To be sure, it was a lousy day for Asian stock markets — the Shanghai Composite closing the day down 5%. It’s logical to deduce a spillover effect in oil, on the assumption of lower demand; at last check a barrel of West Texas Intermediate is down $5.57 to $96.50.

Elsewhere in the commodity complex, precious metals are getting absolutely whacked — gold now a few bucks below $1,900 and silver slumping to $23.63.

Cryptos are rallying, but they remain below round-number support of $40,000 Bitcoin and $3,000 Ethereum.

Meanwhile, get this: Treasury Secretary Janet Yellen says Europe shouldn’t go overboard with banning oil imports from Russia.

That’s what she said late last week to reporters in Washington.

Yes, all else being equal, she says Europe should cut its reliance on Russian energy, and it would be fine and dandy to cut off Russia from its energy revenue. “But we need to be careful when we think about a complete European ban on, say, oil imports.”

As it happens, JPMorgan Chase warned last week that an instant ban on European Union imports of Russian oil would send crude prices up to $185 a barrel.

That would be very inconvenient a few months before the U.S. midterm elections, no?

And as for China…

new york post

No, the dystopia known as Greater Shanghai hasn’t gotten any better since our Saturday edition.

“Shanghai authorities erected high fences outside the homes of residents who tested positive for COVID-19,” says the New York Post, “prompting outcry on social media that people were being treated like animals amid the city’s harsh lockdowns.

“Images and videos of workers in hazmat suits fencing off buildings with 6-foot-tall green metal bars made the rounds on the Chinese social-media site Weibo, where users also complained the structures were fire-safety hazards.”

In response, the BBC informs us that “Chinese internet authorities are trying to block a popular video highlighting the impact of Shanghai’s five-week lockdown on its residents.”

It runs about six minutes and spotlights the misery: “We haven’t eaten for days now,” says one person. “This virus can’t kill us. Starvation can,” says another.

And so began a game of online whack-a-mole — the authorities deleting the video from highly followed accounts on Weibo and WeChat, but other users quickly reposting it.

“The video was just presenting raw facts,” one user complains. “There is nothing provocative!”

What was it John Adams said about facts being stubborn things?

“Experience is a teacher who is never underpaid,” a reader writes after we solicited feedback to our Friday edition.

“The experience people got from 1929 was reflected in the Glass-Steagall Act, and the fact it took 70 years for Congress and the president to repeal it is testament to its wisdom.

“Anyone who has had to borrow from a Wall Street bank for a car loan or home loan can easily see the wisdom of keeping commercial banking and investment banking separate. From 2008–2016, my local bank prospered on money from the Fed while adamantly refusing to loan to local businesses, which had supported them for years.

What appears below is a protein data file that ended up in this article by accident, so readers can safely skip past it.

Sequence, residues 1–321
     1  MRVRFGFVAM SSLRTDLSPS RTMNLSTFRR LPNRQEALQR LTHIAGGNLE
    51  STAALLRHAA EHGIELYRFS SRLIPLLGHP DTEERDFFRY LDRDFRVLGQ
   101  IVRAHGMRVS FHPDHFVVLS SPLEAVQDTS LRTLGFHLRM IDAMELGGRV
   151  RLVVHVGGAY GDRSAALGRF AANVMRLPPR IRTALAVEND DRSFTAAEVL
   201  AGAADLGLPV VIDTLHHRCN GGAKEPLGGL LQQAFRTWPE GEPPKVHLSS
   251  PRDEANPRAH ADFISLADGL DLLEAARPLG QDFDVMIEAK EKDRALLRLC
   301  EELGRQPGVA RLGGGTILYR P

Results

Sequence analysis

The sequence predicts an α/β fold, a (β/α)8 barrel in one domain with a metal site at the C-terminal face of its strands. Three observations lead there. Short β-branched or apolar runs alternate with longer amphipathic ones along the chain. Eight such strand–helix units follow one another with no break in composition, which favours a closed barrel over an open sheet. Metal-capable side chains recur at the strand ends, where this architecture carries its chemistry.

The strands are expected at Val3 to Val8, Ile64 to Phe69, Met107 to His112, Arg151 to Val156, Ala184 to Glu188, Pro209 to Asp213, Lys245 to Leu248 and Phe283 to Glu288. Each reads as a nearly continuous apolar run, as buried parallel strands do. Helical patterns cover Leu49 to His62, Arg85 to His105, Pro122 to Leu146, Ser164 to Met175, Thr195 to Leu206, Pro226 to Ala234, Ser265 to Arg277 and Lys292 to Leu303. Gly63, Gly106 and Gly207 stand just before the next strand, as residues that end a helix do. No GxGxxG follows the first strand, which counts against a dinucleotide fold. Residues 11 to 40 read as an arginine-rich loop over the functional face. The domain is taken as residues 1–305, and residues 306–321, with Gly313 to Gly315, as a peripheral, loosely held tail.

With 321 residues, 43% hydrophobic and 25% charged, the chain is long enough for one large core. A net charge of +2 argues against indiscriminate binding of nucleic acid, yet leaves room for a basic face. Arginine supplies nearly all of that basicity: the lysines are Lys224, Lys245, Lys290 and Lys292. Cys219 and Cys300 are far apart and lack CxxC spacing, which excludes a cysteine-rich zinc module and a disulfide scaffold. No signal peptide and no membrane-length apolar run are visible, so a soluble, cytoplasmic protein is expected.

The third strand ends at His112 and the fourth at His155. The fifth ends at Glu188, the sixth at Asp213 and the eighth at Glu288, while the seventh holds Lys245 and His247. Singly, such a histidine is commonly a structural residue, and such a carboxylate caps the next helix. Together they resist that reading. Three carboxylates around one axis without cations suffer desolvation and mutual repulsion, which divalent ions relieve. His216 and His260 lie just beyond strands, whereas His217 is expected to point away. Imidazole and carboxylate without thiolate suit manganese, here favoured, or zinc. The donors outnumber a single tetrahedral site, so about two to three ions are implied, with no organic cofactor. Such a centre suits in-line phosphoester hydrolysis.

“While the likes of JPM foreclosed on your loans, you got to sit next to your local banker at ball games, funerals and weddings whilst he shook his head and said: ‘Gee, that’s tough.’

“Those people in the 1930s learned a hard lesson. I sure hope we don’t have to learn it all over again.”

The 5: Just wait until we have another crisis in the repo market as we had in the fall of 2019.

’Cause it’s gonna happen again. Alas, that’s a topic we’ll have to leave for another day.

“Glass-Steagall is a red herring. The 2008 financial crisis would still have happened even if Glass-Steagall hadn’t been repealed,” another reader counters, complete with an article he submits as supporting evidence.

“The primary cause of the housing bubble was the Fed’s loose monetary policy combined with the government’s aggressive promotion of home ownership via policies that incentivized banks to underwrite mortgages for people who couldn’t afford them. Once the Fed tightened monetary policy, the collapse was inevitable.

“As for using antitrust against Big Tech, what do you think that is going to accomplish? Although I’m sure you can think of a way to regulate the Big Tech platforms that would make them more open, I know you’re not naïve enough to think that this kind of regulation would actually accomplish that. The Democrats control Congress right now, and most of them want the tech platforms to impose more speech restrictions, not fewer.”

The 5: C’mon. If the banks didn’t have the implied taxpayer backstop that was expanded under Glass-Steagall, there’s no way they’d have underwritten mortgages for people who couldn’t afford them.

And even if they did, there would have been no incentive to bundle those mortgages into securities that they sold to investors — frequently, other banks! — laughing to themselves about the “s***ty deal” they just made.

Anyway, we have no illusions that the Big Tech antitrust legislation would bring about a flowering of free expression online. It’s just that when deep-state types like James Clapper, Leon Panetta and Jeh Johnson say the bill threatens their concept of “national security”… well, it’s hard not to line up on the other side.

Best regards,

Dave Gonigam
The 5 Min. Forecast

Dave Gonigam

Dave Gonigam

Dave Gonigam has been managing editor of The 5 Min. Forecast since September 2010. Before joining the research and writing team at Agora Financial in 2007, he worked for 20 years as an Emmy award-winning television news producer.